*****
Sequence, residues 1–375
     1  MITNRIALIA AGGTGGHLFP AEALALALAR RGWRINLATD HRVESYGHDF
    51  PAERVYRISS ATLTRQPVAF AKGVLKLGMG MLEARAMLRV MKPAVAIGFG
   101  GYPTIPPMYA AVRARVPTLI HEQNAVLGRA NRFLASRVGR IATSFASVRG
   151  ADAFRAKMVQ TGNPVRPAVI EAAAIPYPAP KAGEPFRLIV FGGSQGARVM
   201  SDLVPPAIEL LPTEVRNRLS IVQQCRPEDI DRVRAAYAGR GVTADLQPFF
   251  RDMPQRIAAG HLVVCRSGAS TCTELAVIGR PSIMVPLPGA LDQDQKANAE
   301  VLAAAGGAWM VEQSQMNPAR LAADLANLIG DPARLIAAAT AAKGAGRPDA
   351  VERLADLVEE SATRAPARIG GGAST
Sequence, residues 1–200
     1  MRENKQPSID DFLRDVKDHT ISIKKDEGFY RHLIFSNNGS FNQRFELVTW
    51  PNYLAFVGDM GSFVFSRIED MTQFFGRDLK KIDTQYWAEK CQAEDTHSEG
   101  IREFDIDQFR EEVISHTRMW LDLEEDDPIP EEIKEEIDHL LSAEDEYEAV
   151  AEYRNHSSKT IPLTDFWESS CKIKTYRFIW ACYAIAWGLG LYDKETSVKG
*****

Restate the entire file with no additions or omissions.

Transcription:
Sequence, residues 1–375
     1  MITNRIALIA AGGTGGHLFP AEALALALAR RGWRINLATD HRVESYGHDF
    51  PAERVYRISS ATLTRQPVAF AKGVLKLGMG MLEARAMLRV MKPAVAIGFG
   101  GYPTIPPMYA AVRARVPTLI HEQNAVLGRA NRFLASRVGR IATSFASVRG
   151  ADAFRAKMVQ TGNPVRPAVI EAAAIPYPAP KAGEPFRLIV FGGSQGARVM
   201  SDLVPPAIEL LPTEVRNRLS IVQQCRPEDI DRVRAAYAGR GVTADLQPFF
   251  RDMPQRIAAG HLVVCRSGAS TCTELAVIGR PSIMVPLPGA LDQDQKANAE
   301  VLAAAGGAWM VEQSQMNPAR LAADLANLIG DPARLIAAAT AAKGAGRPDA
   351  VERLADLVEE SATRAPARIG GGAST
Sequence, residues 1–200
     1  MRENKQPSID DFLRDVKDHT ISIKKDEGFY RHLIFSNNGS FNQRFELVTW
    51  PNYLAFVGDM GSFVFSRIED MTQFFGRDLK KIDTQYWAEK CQAEDTHSEG
   101  IREFDIDQFR EEVISHTRMW LDLEEDDPIP EEIKEEIDHL LSAEDEYEAV
   151  AEYRNHSSKT IPLTDFWESS CKIKTYRFIW ACYAIAWGLG LYDKETSVKG